- Qualifications of faculty and staff; and
- Geographic accessibility; and
- Quality, accessibility, and availability of facilities and resources provided to the class; and
- Intangible features, such as reputation of faculty.5
Federal courts and Wisconsin state courts may review single-sex classes or schools under multiple legal theories and are not bound to use the "substantially equal" factors in their analysis.
- What additional factors may a district wish to consider when determining whether and/or how to offer single-sex courses or schools?
Districts may wish to consider research regarding single-sex education (see question 7), discuss single-sex education with parents and community organizations, and review district- and building-level data, disaggregated by sex.
Laws that may bear on a district's decision to offer single-sex courses or schools include:
- Equal Protection Clause of the 14th Amendment to the U.S. Constitution
- Title IX of the Education Amendments of 19726 and implementing regulations7
- Title VII of the Civil Rights Act of 19648 and implementing regulations9
- No Child Left Behind Act of 200110
- Equal Educational Opportunities Act of 197411
- Carl D. Perkins Career and Technical Education Improvement Act of 200612
- Article I § 1 of the Wisconsin Constitution
- Is the Department of Public Instruction required to review school board or charter decisions to offer single-sex education?
- Wouldn't single-sex schools or classes violate § 118.13, Wis. Stats., or § 118.40(4)(b)2, Wis. Stats., by discriminating on the basis of sex?
No. Act 346 amends § 118.13(1), Wis. Stats., to except single-sex classes and schools from the general prohibition against sex discrimination by public school districts and amends § 118.40(4)(b)2, Wis. Stats., to except single-sex classes and schools from the general prohibition against sex discrimination by charter schools. Single-sex schools and classes may, however, be subject to challenge in Wisconsin circuit courts, U.S. District Courts, and through the U.S. Department of Education, Office for Civil Rights.
- What does research tell us about single-sex education?
Advocates have advanced a number of theoretical advantages to both coeducational and single-sex schools and classes, with significant attention on the potential benefits of single-sex schooling for disadvantaged male pupils who have poor success rates in the traditional public education system. The interpretation of results of previous studies in the private sector or the public sectors of other countries has been hotly debated, resulting in varying policy recommendations based on the same evidence.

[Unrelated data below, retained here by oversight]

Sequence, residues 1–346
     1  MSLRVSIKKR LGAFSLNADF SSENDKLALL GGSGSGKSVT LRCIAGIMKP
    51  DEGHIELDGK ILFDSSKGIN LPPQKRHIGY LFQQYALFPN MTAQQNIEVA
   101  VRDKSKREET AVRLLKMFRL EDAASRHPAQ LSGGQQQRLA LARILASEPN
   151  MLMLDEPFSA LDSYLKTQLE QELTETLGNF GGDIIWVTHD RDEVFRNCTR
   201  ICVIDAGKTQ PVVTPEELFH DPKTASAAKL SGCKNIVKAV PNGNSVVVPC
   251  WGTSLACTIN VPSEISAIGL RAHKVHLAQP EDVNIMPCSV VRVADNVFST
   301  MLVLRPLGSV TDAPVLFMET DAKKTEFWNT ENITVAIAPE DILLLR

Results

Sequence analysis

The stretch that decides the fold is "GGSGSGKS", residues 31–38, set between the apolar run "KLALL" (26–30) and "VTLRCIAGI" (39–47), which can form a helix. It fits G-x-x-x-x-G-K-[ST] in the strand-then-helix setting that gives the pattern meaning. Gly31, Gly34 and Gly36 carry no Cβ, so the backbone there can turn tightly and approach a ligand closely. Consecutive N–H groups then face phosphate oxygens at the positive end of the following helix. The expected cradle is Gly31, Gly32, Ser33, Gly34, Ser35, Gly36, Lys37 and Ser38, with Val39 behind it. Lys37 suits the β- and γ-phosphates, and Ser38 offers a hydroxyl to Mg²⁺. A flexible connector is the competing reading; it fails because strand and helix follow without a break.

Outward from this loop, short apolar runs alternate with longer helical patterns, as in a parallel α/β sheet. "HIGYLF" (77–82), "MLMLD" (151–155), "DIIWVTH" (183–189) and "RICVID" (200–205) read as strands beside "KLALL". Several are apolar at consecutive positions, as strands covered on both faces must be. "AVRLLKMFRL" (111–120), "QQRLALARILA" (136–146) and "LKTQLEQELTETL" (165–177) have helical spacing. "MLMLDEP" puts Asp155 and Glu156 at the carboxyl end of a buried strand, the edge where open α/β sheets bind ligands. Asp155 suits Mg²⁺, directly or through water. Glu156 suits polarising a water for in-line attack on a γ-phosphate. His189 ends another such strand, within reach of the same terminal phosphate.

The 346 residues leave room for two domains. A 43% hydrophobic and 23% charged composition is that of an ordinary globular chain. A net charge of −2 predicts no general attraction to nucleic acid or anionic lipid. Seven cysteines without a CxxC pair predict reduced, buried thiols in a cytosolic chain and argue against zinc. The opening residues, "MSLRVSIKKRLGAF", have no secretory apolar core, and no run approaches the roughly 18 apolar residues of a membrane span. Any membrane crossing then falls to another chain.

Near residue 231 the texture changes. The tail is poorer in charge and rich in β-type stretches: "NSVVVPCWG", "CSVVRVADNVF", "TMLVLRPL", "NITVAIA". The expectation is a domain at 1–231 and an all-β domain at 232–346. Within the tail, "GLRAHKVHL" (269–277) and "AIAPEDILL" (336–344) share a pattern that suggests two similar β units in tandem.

Research in the United States on the question of whether public single-sex education might be beneficial to males, females, or a subset of either group (particularly disadvantaged youths) has been limited.
To systematically organize and review existing research, the U.S. Department of Education funded Single-Sex Versus Coeducation Schooling: A Systematic Review. Beginning with 2,221 studies, the research project excluded all studies but those correlational studies that employed statistical controls. The research project concluded that the results are equivocal: "There is some support for the premise that single-sex schooling can be helpful, especially for certain outcomes related to academic achievement and more positive academic aspirations. For many outcomes, there is no evidence of either benefit or harm. There is limited support for the view that single-sex schooling may be harmful or that coeducational schooling is more beneficial for students." (U.S. Department of Education (2005), p. x)
134 CFR § 106 et seq.
2The amendments are available online at http://www.ed.gov/legislation/FedRegister/finrule/2006-4/102506a.pdf.
3The amendments do not change the applicability of the current general regulatory prohibition against single-sex vocational education classes and schools.
434 CFR § 106.34(b)(3) and (c)(3)
534 CFR § 106.34(b)(3) and (c)(3)
620 USC § 1681 et seq.
734 CFR § 106 et seq.
842 USC § 2000e et seq.
929 CFR § 1600 et seq.
10§ 5131(a)(23) of Public Law 107-110
1120 USC §§ 1703(c), 1705, and 1720(c)
12§ 316 of Public Law 109-270